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It is one of the most fundamental questions in neuroscience: How do humans think? Scientists from the Max Planck Institute for Human Cognitive and Brain Sciences (MPI CBS) in Leipzig, Germany, and the Kavli Institute for Systems Neuroscience in Trondheim, Norway, among them Nobel prize laureate Edvard I. Moser, offer a new proposal published in journal Science: Humans think using their brain’s navigation system.

When we navigate our environment, two important cell types are active in our brain. Place cells in the hippocampus and grid cells in the neighboring entorhinal cortex form a circuit that allows orientation and navigation. The team of scientists suggests that our inner navigation system does much more. They propose that this system is also key to ‘thinking’, explaining why our knowledge seems to be organized in a spatial fashion.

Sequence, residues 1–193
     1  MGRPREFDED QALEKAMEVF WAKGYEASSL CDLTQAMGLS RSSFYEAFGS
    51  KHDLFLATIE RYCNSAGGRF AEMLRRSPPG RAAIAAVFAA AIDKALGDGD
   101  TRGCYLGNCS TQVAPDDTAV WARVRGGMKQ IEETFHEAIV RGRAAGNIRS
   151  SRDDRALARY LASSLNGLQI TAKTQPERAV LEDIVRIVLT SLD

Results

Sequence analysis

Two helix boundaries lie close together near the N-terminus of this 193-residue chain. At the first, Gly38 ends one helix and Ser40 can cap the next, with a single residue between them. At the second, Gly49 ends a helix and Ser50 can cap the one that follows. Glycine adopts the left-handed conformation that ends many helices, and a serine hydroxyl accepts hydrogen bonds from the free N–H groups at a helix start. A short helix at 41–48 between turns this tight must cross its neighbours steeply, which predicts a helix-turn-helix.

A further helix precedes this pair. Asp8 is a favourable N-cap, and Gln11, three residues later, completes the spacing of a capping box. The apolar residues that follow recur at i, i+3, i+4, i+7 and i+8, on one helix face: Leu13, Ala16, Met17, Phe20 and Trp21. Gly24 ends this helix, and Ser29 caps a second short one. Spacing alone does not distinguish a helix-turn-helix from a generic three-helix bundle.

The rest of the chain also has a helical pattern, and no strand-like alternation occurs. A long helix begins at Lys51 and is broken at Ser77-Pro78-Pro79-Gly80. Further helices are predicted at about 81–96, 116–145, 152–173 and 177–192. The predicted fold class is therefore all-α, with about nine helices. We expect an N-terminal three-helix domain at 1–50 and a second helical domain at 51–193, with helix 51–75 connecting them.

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I can see what I THINK!

“We believe that the brain stores information about our surroundings in so-called cognitive spaces (i.e. mental maps in which we arrange our experience). This concerns not only geographical data, but also relationships between objects and experience,” explains Christian Doeller, senior author of the paper and the new director at the MPI CBS. (1)

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Cutting off from the world.

Thinking in a place.

Inside a forest.

Inside a room.

Inside a city.

Inside a family.

Inside a marriage.

Inside your… self.

Questioning yourself.

There is no marriage.

No family.

No city.

You are not sitting in a room.

Just walking in a forest.

Thinking of a place long gone.

Bleeding feet.

There is no such place.

But you will soon reach it.

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Mind-body problem? But there is no body! (Chomsky's Mentalism)

At the moment you will forget about it…